Reading For International Women’s Day

Happy International Women’s Day! One of my favourite days of the year, if for no other reason than I get to remind angry men that they have a celebration day too. Because God Forbid us women have one day where we just might be a vague priority, or at least subject of conversation in a positive way.

Before I launch headfirst into an essay, let me divert back to what I’m planning on talking about.

International Women’s Day came about as a call to action beginning in 1911, as a global celebration of women and a demand for equality. Since it began, it has morphed with the world and changed to suit the society we are living in. This year’s theme is ‘each for equal’, IWD website states, “We can actively choose to challenge stereotypes, fight bias, broaden perceptions, improve situations and celebrate women’s achievements.”

For my part, I’ve got a list of books here, both fiction and non fiction as my contribution to challenging misogyny this International Women’s Day.


Queenie Candice Carty-Williams
Starring one of the most relatable characters every created, Queenie follows its namesake with beautiful, witty, hilarious, heartbreaking commentary. Trying to work out what she wants from life whilst battling against what life wants from her, Queenie is a book about the politics of being black, being a woman, and being alive in our modern world. Raw and strong, it is a lively book with an important tale to tell.

The Woman in the Photograph Steohanie Butland
From the feminist rebellion of the 60s through to modern day discussions of what it means to be a woman, The Woman in the Photograph follows the changes that feminism brings to lives, both past and present. Through love, rage, pain and grief, it even focuses on International Women’s Day at one point! You will fall in love with these characters and find power in their stories as you follow them through their lives.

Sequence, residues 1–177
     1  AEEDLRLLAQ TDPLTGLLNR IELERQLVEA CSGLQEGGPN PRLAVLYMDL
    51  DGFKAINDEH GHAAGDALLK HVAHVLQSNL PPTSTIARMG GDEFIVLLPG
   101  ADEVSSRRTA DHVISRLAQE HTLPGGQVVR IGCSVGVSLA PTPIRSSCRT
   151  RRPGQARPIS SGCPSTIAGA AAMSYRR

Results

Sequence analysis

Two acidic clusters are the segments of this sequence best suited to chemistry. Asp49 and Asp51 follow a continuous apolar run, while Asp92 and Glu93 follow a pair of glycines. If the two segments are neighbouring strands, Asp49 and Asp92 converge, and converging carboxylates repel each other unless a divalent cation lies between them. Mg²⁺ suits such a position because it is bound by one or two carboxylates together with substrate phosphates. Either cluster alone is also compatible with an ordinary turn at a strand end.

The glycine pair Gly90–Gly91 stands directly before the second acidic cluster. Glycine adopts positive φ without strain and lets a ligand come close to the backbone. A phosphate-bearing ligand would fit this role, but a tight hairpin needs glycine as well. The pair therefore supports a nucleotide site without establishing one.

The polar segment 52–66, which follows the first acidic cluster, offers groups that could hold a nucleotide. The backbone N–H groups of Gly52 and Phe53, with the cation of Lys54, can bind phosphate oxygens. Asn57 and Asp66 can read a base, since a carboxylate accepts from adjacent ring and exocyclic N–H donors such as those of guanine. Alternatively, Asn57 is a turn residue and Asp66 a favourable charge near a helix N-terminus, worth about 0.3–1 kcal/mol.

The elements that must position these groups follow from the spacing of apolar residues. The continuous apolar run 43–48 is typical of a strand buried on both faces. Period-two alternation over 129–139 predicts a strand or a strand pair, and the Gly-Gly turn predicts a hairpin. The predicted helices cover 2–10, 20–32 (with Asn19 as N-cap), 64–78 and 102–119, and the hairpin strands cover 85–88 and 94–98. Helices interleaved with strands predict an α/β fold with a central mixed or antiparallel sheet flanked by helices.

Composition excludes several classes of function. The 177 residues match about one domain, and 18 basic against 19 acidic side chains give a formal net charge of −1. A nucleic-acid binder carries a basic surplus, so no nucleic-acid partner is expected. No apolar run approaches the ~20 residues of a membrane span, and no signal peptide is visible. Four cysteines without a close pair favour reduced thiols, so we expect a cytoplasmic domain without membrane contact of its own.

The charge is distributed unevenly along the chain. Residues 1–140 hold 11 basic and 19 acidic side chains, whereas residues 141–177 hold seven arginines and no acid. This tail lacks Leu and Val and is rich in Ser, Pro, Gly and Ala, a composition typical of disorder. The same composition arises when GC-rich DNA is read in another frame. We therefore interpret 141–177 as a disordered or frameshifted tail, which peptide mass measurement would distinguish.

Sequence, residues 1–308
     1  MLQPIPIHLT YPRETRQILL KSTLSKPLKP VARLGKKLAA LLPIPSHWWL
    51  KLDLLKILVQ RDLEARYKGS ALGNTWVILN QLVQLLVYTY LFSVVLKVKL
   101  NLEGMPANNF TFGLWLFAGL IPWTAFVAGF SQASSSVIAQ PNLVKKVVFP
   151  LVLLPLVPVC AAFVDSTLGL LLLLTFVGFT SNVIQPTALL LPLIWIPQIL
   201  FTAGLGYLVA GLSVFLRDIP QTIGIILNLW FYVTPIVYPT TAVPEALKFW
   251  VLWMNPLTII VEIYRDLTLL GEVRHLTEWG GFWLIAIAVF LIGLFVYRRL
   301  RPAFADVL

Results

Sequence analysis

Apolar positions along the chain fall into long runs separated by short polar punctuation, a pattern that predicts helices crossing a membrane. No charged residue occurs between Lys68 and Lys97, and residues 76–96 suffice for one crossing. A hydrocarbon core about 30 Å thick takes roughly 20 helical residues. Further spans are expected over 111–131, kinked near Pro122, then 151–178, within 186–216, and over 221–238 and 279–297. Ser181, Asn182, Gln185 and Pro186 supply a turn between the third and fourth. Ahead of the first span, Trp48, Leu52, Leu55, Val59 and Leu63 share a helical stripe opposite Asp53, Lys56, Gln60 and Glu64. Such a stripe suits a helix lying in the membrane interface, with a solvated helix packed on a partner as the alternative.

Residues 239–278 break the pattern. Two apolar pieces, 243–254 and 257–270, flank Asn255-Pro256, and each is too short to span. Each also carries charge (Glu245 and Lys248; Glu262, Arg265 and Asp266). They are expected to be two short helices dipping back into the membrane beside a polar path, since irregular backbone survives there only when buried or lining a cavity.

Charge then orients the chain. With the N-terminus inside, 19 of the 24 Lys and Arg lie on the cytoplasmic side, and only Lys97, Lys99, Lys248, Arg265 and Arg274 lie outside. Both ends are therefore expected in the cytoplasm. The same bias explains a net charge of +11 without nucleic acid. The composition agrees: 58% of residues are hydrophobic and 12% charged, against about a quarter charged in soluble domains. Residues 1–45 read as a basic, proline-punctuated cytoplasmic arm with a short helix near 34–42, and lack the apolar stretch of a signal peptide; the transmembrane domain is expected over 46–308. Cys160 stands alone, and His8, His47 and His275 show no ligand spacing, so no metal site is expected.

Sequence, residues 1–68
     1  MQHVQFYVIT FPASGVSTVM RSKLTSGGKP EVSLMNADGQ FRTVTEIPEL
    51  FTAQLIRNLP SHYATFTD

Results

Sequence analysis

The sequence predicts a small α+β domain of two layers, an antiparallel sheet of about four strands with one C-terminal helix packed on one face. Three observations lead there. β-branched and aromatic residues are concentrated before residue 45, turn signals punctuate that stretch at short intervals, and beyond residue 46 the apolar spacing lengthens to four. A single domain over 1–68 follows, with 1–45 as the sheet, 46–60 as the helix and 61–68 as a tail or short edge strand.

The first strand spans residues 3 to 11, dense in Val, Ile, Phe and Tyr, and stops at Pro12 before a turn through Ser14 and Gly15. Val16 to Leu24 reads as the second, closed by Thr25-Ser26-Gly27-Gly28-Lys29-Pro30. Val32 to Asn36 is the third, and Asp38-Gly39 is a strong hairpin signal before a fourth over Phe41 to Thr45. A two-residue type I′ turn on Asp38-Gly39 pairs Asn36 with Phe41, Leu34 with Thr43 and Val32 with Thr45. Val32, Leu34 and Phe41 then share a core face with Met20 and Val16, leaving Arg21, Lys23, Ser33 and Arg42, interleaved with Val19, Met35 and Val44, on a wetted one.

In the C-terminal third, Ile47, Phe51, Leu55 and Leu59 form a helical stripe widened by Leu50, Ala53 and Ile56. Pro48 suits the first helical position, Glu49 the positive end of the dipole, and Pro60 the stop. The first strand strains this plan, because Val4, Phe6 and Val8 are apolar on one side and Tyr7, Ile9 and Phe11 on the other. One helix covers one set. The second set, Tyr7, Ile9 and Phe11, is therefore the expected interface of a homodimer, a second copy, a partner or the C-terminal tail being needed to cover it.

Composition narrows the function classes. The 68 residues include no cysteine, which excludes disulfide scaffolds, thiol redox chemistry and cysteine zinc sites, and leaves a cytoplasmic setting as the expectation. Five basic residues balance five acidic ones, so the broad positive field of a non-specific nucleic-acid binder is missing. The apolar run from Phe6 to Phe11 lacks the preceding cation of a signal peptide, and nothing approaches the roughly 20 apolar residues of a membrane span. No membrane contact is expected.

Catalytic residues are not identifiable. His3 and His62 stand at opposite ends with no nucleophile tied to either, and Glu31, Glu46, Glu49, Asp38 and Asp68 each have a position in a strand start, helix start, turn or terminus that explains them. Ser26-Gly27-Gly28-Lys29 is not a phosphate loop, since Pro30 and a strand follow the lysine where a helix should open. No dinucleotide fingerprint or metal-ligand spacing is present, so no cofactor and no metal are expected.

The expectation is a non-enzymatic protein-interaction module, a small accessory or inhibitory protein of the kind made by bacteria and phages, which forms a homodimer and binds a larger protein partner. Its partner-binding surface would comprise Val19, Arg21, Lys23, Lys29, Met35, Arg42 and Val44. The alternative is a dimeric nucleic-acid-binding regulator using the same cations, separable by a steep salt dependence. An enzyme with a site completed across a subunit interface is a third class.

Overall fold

Nevertheless She Persisted Jon Walter
Recently gifted to me by David Fickling Books, Nevertheless She Persisted has been on my wishlist for a while. From the backcover, as I feel this sums it up best: “Deeds not words! All the good words in the world won’t change a thing. One must take to the stage and act or you will forever live a lie”. Looking at the lives of two sister in 1913, as the suffrage movement starts to move through the country, their lives will never be the same.


Everyday Sexism Laura Bates
I talked about this book in detail a while ago, but how could I not mention it again when we’re looking for feminist reading. A no bullshit review of what women face everyday, Laura Bates doesn’t hold back at all in her sharing not just of her own experiences, but those of others. The fact this does combine the tales of so many women is maybe one of the reasons it has caused such a ripple effect. Because obviously, as we’ve seen in recent years, we can’t possibly believe just one woman…

What Would Boudicca Do? E. Foley & B. Coates
One of my favourite non fiction and favourite feminist books, WWBD? (as I tend to send to my friends now) talks about some of “history’s most remarkable women” in a context of how they would handle modern problems, such as “are you having (more) babies?” and “the work-life balance”. Enough to make your blood boil and somehow make you cackle at the same time, this wonderful book is absolutely engaging with every page.

Invisible Women Caroline Criado Perez
“Exposing data bias in a world designed for men” is the subtitle of this book, and together with the dedication – “For the women who persist; keep being bloody difficult” – you get the idea of just what this collection of case studies is about. Looking at everything from sizing (focusing around men) and going to the doctor (where treatments have been designed for men), this will make you want to go out and scream at everyone you see NO THINGS NEED TO CHANGE RIGHT NOW.

It was hard for me to narrow this down to just three of each, as I could have kept listing until next IWD. A lot of my reading has a feminist theme, and it makes me feel only stronger in my opinions and decisions to do so when I see the complaints about women getting attention for one day a year. If you haven’t read these books yet, I heartily recommend them, whoever you are. I’d also love to hear from you with recommendations you might have for me – and other readers – to read.

So – Happy International Women’s Day 2020. Keep up the fight.


  1. These are some great reads! I have read a few already but the ones I haven’t I’ll be sure to add to my list!


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